Although most of what the New Testament says about sanctification has to do with that procedure by which we are conformed to the image of God's Son, there is an aspect, as I've indicated, that is viewed, not as a process, but as an accomplished fact. This is called definitive sanctification. From this latter perspective, sanctification is viewed as a decisive act of God, not unlike justification and adoption. Under this first point, therefore, I want to cover the two aspects of sanctification as they appear in the New Testament.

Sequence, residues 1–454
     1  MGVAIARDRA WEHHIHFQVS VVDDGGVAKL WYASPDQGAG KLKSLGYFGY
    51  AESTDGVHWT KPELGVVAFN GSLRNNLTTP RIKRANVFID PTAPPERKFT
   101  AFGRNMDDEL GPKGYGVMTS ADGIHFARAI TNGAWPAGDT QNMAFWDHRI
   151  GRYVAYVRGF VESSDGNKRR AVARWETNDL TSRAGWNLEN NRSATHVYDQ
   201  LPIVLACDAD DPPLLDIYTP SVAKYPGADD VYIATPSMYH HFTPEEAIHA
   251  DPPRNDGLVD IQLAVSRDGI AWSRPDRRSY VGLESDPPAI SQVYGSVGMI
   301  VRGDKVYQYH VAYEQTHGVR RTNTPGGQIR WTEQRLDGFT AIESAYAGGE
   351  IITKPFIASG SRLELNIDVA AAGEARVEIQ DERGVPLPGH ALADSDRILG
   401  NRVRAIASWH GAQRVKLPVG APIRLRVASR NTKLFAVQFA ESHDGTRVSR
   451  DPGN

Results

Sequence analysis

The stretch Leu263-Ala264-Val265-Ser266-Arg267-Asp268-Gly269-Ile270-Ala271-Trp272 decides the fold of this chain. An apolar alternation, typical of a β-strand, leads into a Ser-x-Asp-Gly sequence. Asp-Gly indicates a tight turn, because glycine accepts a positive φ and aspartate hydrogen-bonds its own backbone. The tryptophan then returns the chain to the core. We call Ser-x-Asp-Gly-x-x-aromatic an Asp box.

The doctrine of definitive sanctification, or sanctification viewed as a completed act, is supported by those passages where our sanctification is described as an achieved state. For example, one of the passages cited above, 1 Cor. 1:1, 2, says:
Paul, called as an apostle of Jesus Christ by the will of God, and Sosthenes our brother, to the church of God which is at Corinth, to those who have been sanctified in Christ Jesus, saints by calling, with all who in every place call upon the name of our Lord Jesus Christ, their Lord and ours...